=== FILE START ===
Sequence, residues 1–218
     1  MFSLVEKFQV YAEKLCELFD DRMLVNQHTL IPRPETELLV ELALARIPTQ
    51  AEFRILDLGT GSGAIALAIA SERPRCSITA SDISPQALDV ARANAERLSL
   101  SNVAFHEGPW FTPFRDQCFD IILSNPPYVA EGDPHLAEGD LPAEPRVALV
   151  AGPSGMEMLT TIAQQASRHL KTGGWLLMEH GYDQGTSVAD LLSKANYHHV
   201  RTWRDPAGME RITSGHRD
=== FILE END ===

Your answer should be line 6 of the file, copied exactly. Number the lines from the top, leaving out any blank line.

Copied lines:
   201  RTWRDPAGME RITSGHRD